What does it mean to have skin in the game?

There ought to be a word (and a special place in hell) for someone who pushes you to do something because he really believes it will benefit you — but doesn’t mention the fact that it will benefit him, no matter what.

The inimitable Nassim Taleb calls this having (or not having) skin in the game. He argues that any offer is bad if the proposer benefits from it while your outcome is uncertain. As he puts it: “Indeed, in the dozen or so cases I can pull from memory, it always turns out that what is presented as good for you is not really good for you but certainly good for the other party.”

This is the shifty used-car salesman who tricks you into a terrible deal on a car that may be a lemon, telling you that he hates to part with it at this price, but you’re gonna love it — while pocketing a fat commission and risking nothing. No skin in the game.

In finance, the classic example is a broker who sells you a risky investment, pocketing a hefty commission and losing nothing if the stock tanks — with no skin in the game.

When the housing bubble burst, in many cases nothing was lost by the banks and mortgage brokers that had pushed insane mortgages on people who couldn’t afford them. After setting up their “customers” for personal bankruptcy, they then packaged the crappy mortgages and sold them off to greedy and unsophisticated investors. (This is what Wall Street calls “innovation,” but that’s another topic.) The originators of the mortgages had nothing to lose and everything to gain — no skin in the game.

The ultimate, ironic example of skin in the game is the current Trump/Ryan budget and health care plan. It’s based on trickle-down economics, the ultimate con.

Trickle-down seems to me to be an obvious example of not having skin in the game. “Let’s cut the government services you depend on, and also cut my taxes” wouldn’t seem to be a convincing pitch, but people keep falling for it.

The big idea: that cutting taxes on rich people will lead to an explosion in investment and economic expansion that will benefit everyone. Sometimes this is claimed to benefit the poorest especially.

Well, it’s easy to passionately believe this if you have nothing to risk and everything to gain. High-income taxpayers (or politicians who rely on their support) don’t depend on the services that will be cut to fund their own tax cut, a benefit they realize immediately — no skin in the game.

It’s not quite “heads I win, tails you lose.” The con artist doesn’t care about your outcome. If that stock makes you rich or the rising economic tide does lift all boats, that’s okay. If you lose your shirt or your needed services or your home, that’s okay, too, because he’s pocketed the gains. He doesn’t care. He had no skin the game.

I’m not sure that the objective of the proposals from Paul Ryan or Donald Trump is to be cruel (bizarrely, in particular to the people who vote for them). The point is that they don’t care one way or the other, because they have no skin in the game. In this case, heads they win, tails they win. No matter what, they get the support of their wealthy backers, who in turn benefit immediately and directly. Everyone else? Well, good luck! Fox will keep distracting them and telling them it’s all the liberals’ fault.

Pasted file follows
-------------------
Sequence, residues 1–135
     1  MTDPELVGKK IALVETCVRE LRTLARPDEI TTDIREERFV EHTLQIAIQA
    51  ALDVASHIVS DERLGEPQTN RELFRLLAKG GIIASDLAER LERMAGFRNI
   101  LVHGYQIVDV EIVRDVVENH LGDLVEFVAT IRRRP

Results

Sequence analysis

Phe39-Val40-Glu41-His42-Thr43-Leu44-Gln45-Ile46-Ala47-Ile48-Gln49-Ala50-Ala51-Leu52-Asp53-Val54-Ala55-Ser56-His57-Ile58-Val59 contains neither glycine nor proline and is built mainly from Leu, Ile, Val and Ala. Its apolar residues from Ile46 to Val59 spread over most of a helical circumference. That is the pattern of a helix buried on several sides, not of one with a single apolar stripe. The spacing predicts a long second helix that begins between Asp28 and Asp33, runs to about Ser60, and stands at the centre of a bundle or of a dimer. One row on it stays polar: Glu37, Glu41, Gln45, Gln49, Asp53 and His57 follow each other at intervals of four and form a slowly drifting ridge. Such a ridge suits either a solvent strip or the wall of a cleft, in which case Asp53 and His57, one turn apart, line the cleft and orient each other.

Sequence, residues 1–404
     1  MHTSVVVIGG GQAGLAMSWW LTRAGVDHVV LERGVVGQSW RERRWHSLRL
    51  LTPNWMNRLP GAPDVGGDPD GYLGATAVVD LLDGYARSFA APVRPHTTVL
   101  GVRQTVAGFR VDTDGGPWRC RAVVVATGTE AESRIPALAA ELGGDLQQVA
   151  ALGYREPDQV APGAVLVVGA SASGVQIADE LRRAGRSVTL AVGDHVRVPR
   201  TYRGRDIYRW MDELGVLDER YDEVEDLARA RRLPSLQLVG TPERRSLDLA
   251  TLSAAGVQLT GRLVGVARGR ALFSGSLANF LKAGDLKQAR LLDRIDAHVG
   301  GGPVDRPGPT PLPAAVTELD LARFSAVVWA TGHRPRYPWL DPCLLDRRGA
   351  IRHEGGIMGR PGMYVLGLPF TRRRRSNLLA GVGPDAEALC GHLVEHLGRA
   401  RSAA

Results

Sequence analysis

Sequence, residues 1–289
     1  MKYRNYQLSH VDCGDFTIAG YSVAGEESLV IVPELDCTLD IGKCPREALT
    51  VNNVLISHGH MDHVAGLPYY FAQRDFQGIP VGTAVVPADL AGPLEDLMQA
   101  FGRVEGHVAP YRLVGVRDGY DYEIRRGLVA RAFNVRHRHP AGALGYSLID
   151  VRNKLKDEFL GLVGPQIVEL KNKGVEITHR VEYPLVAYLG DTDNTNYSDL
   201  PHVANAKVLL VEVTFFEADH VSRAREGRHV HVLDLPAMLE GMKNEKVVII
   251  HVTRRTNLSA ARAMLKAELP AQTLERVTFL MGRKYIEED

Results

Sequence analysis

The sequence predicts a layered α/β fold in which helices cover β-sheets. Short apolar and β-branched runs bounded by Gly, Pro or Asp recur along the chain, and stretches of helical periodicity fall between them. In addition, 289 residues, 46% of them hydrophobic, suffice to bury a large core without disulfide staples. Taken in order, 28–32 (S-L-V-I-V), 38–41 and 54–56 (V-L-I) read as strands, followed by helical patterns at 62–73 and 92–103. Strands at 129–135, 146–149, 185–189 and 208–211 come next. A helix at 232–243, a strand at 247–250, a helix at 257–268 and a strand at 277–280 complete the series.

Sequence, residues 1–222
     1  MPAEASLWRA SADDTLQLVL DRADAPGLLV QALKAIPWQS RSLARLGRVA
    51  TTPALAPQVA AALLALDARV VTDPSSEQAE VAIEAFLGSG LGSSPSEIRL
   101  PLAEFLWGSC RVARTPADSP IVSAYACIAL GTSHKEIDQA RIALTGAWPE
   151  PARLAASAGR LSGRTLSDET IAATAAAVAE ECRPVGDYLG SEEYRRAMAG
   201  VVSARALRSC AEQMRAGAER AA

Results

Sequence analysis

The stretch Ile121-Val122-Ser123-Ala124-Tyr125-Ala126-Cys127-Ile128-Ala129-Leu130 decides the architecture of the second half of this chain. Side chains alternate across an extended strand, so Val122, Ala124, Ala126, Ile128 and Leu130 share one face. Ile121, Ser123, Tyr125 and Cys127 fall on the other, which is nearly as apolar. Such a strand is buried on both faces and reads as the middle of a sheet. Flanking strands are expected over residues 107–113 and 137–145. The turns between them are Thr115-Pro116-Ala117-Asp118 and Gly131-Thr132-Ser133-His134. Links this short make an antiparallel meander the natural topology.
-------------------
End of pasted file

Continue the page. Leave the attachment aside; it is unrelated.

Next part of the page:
What is truly hilarious to me is the argument of conservatives that rich people should determine taxation and spending policy, since they pay most taxes. In this view, the rich have the most skin in the game! This makes sense only if you believe the extreme proposition that all taxation is theft and that no one should pay any taxes. That’s a topic for a whole other article (or book). Sure, rich people — including kind ones — care about how much taxes they must pay, and they stand to gain from policies that raise or lower their taxes. I’m talking here about the claim that virtually eliminating taxes on the rich will lead to an explosion of growth — 4 trillion dollars worth, in the recent double-counting budget. In other words, if the growth materializes (which has never happened before when cutting taxes on the rich), then that’s great! If it doesn’t, well, I’ve got mine, Jack. I risked nothing, and society risked everything.

The irony for me is that conservatives often label progressives as “hypocrites,” because the latter argue for policies to benefit poor people (other people) without being poor themselves. They are apparently supposed to impoverish themselves before being allowed to advocate for others.

Advocating for someone else’s interests when doing so will cost you something is truly having skin in the game. Your policies may not work, but you will pay a price either way. And you have nothing to gain selfishly, other than living in a more equitable society. I want my skin in that game.

I write about UX, languages and politics—only when I have something new to say. Designer of great user experiences. An American abroad in Québec.